Galaxy collisions produce a remarkable variety of intricate structures, as 59 new images from the NASA/ESA Hubble space telescope show.
Interacting galaxies are found throughout the universe, sometimes dramatic collisions that trigger bursts of star formation, on other occasions as stealthy mergers that form new galaxies.
A series of 59 new images of colliding galaxies, the largest collection ever published simultaneously, has been released from archived raw Hubble images to mark the 18th anniversary of the telescope’s launch.
Galaxy mergers, which were more common in the early universe than they are today, are thought to be one of the main driving forces for cosmic evolution, turning on quasars, sparking frenetic star births and explosive stellar deaths.
Even apparently isolated galaxies will show signs in their internal structure that they have experienced one or more mergers in their past. Each of the various merging galaxies in this series of images is a snapshot of a different instant in the long interaction process.
Notes for editors:
The Hubble Space Telescope is a project of international cooperation between NASA and ESA.
Acknowledgements for the entire photo release:
- Project lead: Lars Lindberg Christensen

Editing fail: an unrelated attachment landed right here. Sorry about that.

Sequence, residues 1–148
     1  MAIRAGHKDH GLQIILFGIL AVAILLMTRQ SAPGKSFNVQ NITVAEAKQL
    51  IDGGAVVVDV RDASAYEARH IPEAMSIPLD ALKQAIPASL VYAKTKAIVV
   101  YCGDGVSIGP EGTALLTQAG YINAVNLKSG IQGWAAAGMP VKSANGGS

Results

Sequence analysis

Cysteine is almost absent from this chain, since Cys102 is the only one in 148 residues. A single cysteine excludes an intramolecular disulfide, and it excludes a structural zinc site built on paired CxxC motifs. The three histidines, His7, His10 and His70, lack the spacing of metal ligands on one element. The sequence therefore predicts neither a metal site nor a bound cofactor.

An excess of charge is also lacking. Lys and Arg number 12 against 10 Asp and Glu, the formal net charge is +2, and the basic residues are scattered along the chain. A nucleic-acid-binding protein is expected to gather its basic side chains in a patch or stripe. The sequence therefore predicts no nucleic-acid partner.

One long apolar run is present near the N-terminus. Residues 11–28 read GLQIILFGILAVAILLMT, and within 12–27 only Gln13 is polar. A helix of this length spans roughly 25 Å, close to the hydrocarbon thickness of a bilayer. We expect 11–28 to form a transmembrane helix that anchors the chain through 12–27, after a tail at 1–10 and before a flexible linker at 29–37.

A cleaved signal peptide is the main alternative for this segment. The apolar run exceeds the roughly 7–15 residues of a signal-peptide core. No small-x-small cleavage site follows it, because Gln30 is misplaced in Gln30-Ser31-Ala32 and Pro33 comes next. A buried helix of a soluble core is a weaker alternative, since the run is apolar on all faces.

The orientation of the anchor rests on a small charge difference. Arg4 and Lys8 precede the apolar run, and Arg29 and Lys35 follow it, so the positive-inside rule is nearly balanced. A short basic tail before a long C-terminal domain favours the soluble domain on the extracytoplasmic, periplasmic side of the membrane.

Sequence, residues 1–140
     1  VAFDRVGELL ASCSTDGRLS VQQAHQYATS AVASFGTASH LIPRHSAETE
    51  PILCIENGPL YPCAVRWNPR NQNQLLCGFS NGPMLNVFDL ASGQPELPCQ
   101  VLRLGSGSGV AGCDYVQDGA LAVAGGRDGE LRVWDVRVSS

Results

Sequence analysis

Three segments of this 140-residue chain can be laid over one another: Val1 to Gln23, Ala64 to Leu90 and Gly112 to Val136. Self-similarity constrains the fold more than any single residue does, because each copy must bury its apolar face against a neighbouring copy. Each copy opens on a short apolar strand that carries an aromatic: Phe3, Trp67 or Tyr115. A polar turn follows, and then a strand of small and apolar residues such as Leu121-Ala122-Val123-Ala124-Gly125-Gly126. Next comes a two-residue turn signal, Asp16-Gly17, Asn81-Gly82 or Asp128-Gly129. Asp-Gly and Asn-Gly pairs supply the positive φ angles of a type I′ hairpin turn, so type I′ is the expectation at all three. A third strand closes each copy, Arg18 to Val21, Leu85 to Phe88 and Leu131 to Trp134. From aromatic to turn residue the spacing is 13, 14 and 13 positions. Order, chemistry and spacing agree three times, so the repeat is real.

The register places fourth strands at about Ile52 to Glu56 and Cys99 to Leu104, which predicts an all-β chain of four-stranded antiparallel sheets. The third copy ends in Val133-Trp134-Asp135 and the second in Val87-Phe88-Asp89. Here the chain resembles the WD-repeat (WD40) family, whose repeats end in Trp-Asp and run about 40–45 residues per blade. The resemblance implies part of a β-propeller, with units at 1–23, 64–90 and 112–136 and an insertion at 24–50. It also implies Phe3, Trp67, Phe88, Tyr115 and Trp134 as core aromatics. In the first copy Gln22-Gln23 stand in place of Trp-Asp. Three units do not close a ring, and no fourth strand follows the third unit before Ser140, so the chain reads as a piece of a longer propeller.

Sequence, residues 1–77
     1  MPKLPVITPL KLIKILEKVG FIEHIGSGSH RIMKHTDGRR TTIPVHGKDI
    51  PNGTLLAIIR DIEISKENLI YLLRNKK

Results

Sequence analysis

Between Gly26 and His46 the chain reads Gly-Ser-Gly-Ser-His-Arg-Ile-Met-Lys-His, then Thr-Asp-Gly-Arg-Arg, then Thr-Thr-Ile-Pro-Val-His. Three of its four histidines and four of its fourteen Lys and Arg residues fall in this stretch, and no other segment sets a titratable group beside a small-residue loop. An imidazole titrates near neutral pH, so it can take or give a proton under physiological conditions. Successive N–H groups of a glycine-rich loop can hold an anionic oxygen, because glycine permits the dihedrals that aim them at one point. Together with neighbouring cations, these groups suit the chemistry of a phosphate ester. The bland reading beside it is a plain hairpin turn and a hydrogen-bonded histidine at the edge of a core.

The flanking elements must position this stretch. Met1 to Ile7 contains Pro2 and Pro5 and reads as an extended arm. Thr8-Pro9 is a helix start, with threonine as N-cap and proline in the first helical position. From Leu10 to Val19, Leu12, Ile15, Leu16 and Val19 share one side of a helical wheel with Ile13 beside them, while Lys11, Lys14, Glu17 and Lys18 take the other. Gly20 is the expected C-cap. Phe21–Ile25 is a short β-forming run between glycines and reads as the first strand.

- Image processing: Davide de Martin (ESA/Hubble) and Zolt Levay (STScI)
- Cosmetic cleaning: Amit Kapadia, Nuno Marques, Maximilian Kaufl (ESA/Hubble)
- Colour correction and cosmetic adjustments: Zolt Levay (STScI) & Martin Kornmesser (ESA/Hubble)
- HST Principle Investigator: A. Evans (University of Virginia, Charlottesville/NRAO/Stony Brook), and the PIs of Hubble Proposals 9735, 11091, 6276, 10575, 7129, 7467, 6438.
- Astronomical processing pipeline: The STScI ACS team
- Data Archiving and pipeline implementation: The ESO/ST-ECF Archive and the STScI Archive
- Textual information: Ana Margarida Lopes, Will Gater, Anne Rhodes, Raquel Yumi Shida & Lars Lindberg Christensen (ESA/Hubble)
- Web products: Raquel Yumi Shida (ESA/Hubble) & Stratis Kakadelis (STScI)
For more information:
Aaron Evans, Department of Astronomy, University of Virginia, Charlottesville, USA
E-mail: Aaron.Evans @ stonybrook.edu
Lars Lindberg Christensen, Hubble/ESA, Garching, Germany
E-mail: Lars @ eso.org
Ray Villard, Space Telescope Science Institute, Baltimore, USA
E-mail: Villard @ stsci.edu